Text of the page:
California Lt. Gov. Gavin Newsom got a major boost in his bid for governor next year when he received the endorsement of the California Teachers Association over the weekend, as did Assemblyman Tony Thurmond, D-Richmond, who is running for State Superintendent of Public Instruction.
In addition to Newsom and Thurmond, the CTA also endorsed incumbent Attorney General Xavier Becerra, who is running for re-election after being appointed to the post by Gov. Jerry Brown in January, State Board of Equalization member Fiona Ma for State Treasurer and state Senator Ed Hernandez, D-Azusa, for lieutenant governor.
The CTA’s State Council of Education, the top governing body of the 325,000-member organization, made the endorsements at their meeting in Los Angeles.
The CTA is one of the largest — and often the largest — single contributor to key statewide candidates or independent expenditure committees working on their behalf. It is a rule of thumb of California electoral politics that winning key statewide offices is immeasurably more difficult without the support of the CTA and its key allies in the labor movement. That is even more the case in the current political climate where the chance of a Republican winning statewide office in California is virtually zero.
The endorsements did not come entirely as a surprise. Newsom is currently the front runner in early polls, as well as the leading fundraiser in the race so far. His leading opponent, former Los Angeles Mayor Antonio Villaraigosa, early in his career worked for the United Teachers of Los Angeles and as a consultant for the CTA, but has been a harsh critic of the teachers unions on numerous issues over a period of many years.
As for Thurmond, the former Richmond city councilman and West Contra Cost Unified school board member is facing off against Marshall Tuck, who was founding CEO of the Partnership for Los Angeles Schools, a nonprofit operating 16 Los Angeles Unified schools closely allied with Villaraigosa, and before that, was president of Green Dot Public Schools which operates 20 charters schools in the LA area. The CTA opposed Tuck in his previous campaign against the CTA’s choice in 2014, incumbent State Superintendent of Public Instruction Tom Torlakson. Like Gov. Brown, Torlakson will be termed out of office next year after serving two 4-year terms.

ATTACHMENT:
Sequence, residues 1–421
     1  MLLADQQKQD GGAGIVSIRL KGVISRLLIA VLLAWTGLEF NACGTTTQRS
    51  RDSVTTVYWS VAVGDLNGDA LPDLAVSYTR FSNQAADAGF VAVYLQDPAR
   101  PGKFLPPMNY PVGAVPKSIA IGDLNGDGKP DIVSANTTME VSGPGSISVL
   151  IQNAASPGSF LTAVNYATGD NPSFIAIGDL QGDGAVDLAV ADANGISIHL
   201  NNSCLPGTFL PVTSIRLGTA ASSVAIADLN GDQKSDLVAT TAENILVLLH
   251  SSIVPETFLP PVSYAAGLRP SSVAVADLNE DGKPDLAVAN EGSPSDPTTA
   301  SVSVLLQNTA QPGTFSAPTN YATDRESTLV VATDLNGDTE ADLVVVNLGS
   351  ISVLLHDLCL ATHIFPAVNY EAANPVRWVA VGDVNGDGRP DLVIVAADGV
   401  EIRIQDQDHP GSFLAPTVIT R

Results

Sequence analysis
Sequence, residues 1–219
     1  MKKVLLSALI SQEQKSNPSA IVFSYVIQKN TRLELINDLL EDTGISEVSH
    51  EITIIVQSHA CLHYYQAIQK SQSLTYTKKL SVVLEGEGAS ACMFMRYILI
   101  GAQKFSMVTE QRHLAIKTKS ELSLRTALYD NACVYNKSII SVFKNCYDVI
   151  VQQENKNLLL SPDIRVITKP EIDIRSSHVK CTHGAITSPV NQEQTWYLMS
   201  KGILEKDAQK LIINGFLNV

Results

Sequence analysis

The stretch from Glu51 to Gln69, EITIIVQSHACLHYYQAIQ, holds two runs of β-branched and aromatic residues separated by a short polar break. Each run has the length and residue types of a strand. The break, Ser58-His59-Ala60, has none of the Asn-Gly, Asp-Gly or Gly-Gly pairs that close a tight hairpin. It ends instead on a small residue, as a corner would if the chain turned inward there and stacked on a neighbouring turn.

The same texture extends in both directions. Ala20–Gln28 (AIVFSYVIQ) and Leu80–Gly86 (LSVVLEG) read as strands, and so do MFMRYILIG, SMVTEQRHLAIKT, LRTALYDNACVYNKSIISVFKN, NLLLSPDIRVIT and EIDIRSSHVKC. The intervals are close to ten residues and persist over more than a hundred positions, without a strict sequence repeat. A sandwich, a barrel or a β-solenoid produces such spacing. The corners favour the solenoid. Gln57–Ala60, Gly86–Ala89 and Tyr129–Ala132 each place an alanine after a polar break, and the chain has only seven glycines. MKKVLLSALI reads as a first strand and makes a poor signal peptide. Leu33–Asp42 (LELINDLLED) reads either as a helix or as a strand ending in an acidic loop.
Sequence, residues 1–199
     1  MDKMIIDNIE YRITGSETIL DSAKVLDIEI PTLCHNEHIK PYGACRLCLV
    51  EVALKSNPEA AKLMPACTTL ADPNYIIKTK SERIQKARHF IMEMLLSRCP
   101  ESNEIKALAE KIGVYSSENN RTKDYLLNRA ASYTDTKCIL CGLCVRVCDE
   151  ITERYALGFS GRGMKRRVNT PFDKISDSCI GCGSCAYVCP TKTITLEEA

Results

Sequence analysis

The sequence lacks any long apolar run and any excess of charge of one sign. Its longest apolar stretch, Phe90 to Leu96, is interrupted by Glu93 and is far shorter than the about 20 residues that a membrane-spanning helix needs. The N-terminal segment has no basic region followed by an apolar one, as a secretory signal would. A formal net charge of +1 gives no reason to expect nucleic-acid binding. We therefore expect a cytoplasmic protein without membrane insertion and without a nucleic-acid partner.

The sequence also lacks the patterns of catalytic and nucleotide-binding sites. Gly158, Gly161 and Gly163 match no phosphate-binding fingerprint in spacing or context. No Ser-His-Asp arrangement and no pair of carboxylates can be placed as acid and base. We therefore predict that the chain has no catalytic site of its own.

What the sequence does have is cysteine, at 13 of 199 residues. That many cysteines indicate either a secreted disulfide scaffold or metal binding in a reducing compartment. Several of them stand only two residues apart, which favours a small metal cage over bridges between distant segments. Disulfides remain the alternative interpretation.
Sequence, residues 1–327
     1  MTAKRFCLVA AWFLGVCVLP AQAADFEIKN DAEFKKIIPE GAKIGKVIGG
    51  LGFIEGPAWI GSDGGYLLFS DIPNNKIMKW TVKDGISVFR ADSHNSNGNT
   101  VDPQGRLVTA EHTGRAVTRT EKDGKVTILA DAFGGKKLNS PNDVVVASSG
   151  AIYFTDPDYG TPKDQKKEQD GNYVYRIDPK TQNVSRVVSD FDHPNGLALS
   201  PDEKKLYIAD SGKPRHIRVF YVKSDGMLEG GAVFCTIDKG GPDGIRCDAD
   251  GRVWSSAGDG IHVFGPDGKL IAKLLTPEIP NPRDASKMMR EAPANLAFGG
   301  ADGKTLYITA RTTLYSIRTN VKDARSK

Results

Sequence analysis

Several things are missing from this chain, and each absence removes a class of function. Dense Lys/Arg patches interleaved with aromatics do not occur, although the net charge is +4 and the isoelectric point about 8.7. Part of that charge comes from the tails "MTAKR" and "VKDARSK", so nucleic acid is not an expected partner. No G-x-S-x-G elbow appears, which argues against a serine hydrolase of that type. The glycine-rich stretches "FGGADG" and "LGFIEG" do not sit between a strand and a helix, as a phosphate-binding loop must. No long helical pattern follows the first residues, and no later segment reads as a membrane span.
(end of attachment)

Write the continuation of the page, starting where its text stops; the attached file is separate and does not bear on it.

The CTA typically endorses candidates in March before California’s June primary, but this year did so much earlier in the electoral calendar. That’s primarily because it is likely the state superintendent’s race will be decided next June, which is less than eight months away.
This is a non-partisan race, so whoever gets more than 50 percent of the vote at the ballot box next June will not face a runoff election in November, and will automatically become superintendent. With only two major candidates in the race — Tuck and Thurmond — it is virtually assured that one of them will get more than 50 percent in the June contest.
And if it is anything like the 2014 contest, it will be hard-fought and hugely expensive.
In that race, Torlakson narrowly defeated Tuck by a margin of 52.1 percent to 47.9 percent. A record-breaking $24 million was spent by the two races combined, making it by far the most expensive superintendent race in California’s history, as well as the most expensive one on the 2014 ballot, exceeding spending on the governor’s race by a 3-to-1 margin. The CTA contributed at least $7 million to Torlakson’s campaign directly or to independent expenditure committees backing him. Electing Thurmond could be even tougher because he does not have the benefit of being an incumbent, as Torlakson was.